to the horse

Grant Smith gsmith at EWU.EDU
Mon Jul 26 18:04:42 UTC 1999

While a youth I was involved with horse racing (training and a little
jockeying) and heard and used this phrasing.  To me it was a metaphor for
the body language of a horse and referred to its psychological as well as
physical readiness to race--especially if, on rare occasions, my older
brother was nagging me (!) about how he should wager.

>At 09:42 AM 7/26/99 -0400, bergdahl at wrote:
>>There's an anecdote about Greek phjilosophers arguing about the number of
>>teeth a horse had; all the arguments are deduced from premises.  No one looks
>>at the animal, so devalued was empiricism.  Could this be the source of both
>>expressions (though I rather like Mr. Ed)?
>I suppose I should add this probably obvious point (I left it between the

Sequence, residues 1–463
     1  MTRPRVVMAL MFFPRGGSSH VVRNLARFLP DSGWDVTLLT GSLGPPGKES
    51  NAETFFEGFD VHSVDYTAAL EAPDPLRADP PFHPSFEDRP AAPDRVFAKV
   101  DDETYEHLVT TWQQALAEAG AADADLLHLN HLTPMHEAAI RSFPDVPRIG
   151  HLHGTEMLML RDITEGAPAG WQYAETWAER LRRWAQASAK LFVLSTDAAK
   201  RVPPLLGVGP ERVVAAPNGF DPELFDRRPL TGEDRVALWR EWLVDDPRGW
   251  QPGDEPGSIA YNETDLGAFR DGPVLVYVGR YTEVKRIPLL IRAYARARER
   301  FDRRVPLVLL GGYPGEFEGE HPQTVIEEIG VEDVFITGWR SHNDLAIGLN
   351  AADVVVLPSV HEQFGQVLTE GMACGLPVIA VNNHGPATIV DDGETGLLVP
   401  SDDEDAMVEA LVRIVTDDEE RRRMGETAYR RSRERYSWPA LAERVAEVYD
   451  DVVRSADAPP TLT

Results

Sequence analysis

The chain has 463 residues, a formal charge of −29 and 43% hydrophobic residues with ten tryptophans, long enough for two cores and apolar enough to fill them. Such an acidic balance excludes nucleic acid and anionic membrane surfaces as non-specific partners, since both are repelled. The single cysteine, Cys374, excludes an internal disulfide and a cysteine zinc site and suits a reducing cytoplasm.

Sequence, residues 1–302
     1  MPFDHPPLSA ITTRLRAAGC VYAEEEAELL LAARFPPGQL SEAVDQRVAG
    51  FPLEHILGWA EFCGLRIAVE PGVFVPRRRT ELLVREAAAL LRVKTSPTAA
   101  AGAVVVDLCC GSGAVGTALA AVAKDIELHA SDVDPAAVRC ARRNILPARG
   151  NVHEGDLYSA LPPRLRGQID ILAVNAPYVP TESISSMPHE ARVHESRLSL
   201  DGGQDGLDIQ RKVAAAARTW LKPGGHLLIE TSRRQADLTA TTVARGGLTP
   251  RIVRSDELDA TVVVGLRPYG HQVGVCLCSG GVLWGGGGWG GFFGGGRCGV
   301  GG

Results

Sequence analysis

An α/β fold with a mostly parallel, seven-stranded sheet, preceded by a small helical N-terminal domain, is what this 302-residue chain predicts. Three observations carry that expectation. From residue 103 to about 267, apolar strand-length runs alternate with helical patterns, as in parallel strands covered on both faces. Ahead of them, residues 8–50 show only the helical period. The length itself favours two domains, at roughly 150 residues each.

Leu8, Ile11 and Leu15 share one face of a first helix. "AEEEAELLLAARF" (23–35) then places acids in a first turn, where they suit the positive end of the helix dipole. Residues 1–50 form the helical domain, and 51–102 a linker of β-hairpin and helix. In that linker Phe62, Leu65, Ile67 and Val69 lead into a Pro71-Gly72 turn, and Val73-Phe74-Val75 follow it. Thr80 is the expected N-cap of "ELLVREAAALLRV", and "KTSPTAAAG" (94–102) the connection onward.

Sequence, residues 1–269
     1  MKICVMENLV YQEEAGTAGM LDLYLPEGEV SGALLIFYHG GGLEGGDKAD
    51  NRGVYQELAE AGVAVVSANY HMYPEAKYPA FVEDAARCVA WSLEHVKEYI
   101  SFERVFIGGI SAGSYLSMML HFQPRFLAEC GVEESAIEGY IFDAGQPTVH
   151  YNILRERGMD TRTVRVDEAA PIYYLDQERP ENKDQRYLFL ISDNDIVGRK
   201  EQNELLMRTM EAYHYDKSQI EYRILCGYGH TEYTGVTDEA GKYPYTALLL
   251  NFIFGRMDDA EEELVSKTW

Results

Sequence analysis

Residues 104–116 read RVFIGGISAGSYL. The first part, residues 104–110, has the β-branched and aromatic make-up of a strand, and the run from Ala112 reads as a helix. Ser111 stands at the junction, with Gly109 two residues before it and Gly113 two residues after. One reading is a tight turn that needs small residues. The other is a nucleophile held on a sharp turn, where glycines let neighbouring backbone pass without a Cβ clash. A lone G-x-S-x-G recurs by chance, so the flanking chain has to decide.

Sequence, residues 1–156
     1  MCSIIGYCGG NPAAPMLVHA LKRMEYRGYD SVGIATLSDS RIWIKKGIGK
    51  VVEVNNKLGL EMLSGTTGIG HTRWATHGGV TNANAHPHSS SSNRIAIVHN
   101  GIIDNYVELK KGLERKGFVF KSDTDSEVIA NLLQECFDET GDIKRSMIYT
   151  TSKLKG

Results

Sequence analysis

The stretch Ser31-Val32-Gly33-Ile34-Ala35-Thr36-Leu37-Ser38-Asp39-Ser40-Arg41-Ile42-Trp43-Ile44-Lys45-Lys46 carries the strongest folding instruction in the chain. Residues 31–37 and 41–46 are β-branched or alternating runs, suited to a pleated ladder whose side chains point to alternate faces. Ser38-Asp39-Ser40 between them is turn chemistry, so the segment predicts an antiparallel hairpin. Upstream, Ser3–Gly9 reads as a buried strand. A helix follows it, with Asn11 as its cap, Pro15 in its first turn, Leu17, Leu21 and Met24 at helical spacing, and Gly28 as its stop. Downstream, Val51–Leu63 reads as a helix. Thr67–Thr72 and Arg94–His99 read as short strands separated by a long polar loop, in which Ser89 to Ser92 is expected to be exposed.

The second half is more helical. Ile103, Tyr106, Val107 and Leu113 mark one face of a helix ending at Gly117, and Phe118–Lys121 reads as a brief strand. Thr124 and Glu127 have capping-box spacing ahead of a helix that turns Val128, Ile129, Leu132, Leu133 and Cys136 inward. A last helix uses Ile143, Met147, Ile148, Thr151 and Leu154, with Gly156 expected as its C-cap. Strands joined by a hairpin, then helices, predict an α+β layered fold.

>lines when I posted last hour) --
>It seems fairly likely that the bit of jingle I more or less quoted is a
>deliberate play on the locution "to get it straight from the horse's mouth,"
>as re-applied to a putatively talking horse.
>It also occurs to me that "get it (straight) from the horse's mouth" might
>be a racetrack or turf phrase -- i.e., the hot tip I have about horse x is
>really solid, I got it straight from the horse's mouth (jocularly, as if the
>horse had actually passed along "inside information" during a
>Greg Downing/NYU, at greg.downing at or gd2 at

Grant W. Smith, President                       Phone:  509-359-6023
American Name Society                           Fax:    509-359-4269
Prof. English/Coord. Humanities                 Email:  gsmith at
Eastern Washington University, MS-25
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Cheney, WA  99004-2431

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